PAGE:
The Ankara-based MetroPOLL Strategic and Social Research Center conducted a survey on the nation's expected voting behavior in the referendum and its perception of the recent crisis between the government and the military during the Supreme Military Council (YAŞ) meeting. The survey's chief question was on the approaching referendum. According to the survey, 49.6 percent of those polled will vote for the planned changes to the Constitution in the referendum. Out of all respondents, 33.6 percent will vote against the reform package. Support for the package is likely to increase at the ballot box through the division of the vote of those who are undecided, which the survey shows to be around 15 percent.
The Justice and Development Party (AK Party), led by Prime Minister Recep Tayyip Erdoğan, was hoping to replace the current Constitution, a remnant of Turkey's 1980 coup d'état, when it swept to power in 2002. It drafted a document in 2007, but failed to convince the opposition parties to support it. Undeterred, the party prepared a list of partial amendments -- including vital changes to the Constitution's most problematic articles. The amendments will be put to a public referendum on Sept. 12.
According to a MetroPOLL survey, 49.6 percent of those polled will vote for the planned changes to the Constitution in the referendum on Sept. 12. Out of all respondents, 33.6 percent said they will vote against the reform package
The existing Constitution, ratified in 1982 in a referendum after a military coup two years earlier, has frequently been at the center of harsh criticism as it fails to meet the needs of today's world and restricts fundamental rights and freedoms.
The figures show a 5.5 percent increase for the yes votes when compared with the results of a MetroPOLL survey in late May. Pollsters believe the main reason for the increase is the prime minister’s strong opposition to the promotion of members of the military on trial during last week’s YAŞ meetings.
The survey also revealed the divergence of opinion between the administrations of opposition parties and their grass roots. The Republican People’s Party (CHP), the Nationalist Movement Party (MHP) and the Peace and Democracy Party (BDP) are strongly opposed to the constitutional amendments. According to the survey, 38.7 percent of Turkish nationalists (MHP grass roots) and 64 percent of Kurdish nationalists (BDP grass roots) plan to vote in favor of the reform package in the referendum.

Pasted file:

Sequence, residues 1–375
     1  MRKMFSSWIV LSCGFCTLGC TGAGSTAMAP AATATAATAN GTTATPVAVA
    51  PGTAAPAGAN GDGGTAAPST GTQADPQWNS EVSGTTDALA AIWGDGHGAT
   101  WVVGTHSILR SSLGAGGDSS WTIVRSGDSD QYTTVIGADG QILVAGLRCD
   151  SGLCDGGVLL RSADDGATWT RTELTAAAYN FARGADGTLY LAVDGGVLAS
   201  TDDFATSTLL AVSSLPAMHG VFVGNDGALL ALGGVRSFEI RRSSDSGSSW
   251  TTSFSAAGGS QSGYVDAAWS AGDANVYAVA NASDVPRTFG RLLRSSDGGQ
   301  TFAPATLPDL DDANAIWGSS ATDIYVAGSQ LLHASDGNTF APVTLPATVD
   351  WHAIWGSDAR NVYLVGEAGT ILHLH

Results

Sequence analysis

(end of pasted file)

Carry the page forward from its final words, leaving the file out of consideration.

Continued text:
Respondents were also asked about the prime minister’s position during the YAŞ meetings. During the meetings the General Staff was hoping to promote military generals who are accused of coup-related activities and other criminal acts, saying military tradition requires their promotion. Erdoğan, however, strongly objected to the General Staff’s plans, recalling that the Turkish Armed Forces’ (TSK) official policy does not allow the advancement of a member of the military to a higher rank if he is on trial. The YAŞ meetings continued in an atmosphere of tension between the General Staff and the prime minister. Erdoğan emerged victorious from the days-long negotiations and the generals on trial were eventually not promoted.
The prime minister’s victory was interpreted by many observers as a sound step toward the normalization of civilian and military ties. The Turkish military, which has for a long time considered itself the guardian of the state and the regime, was forced to comply with the civilian will like in many democratic countries.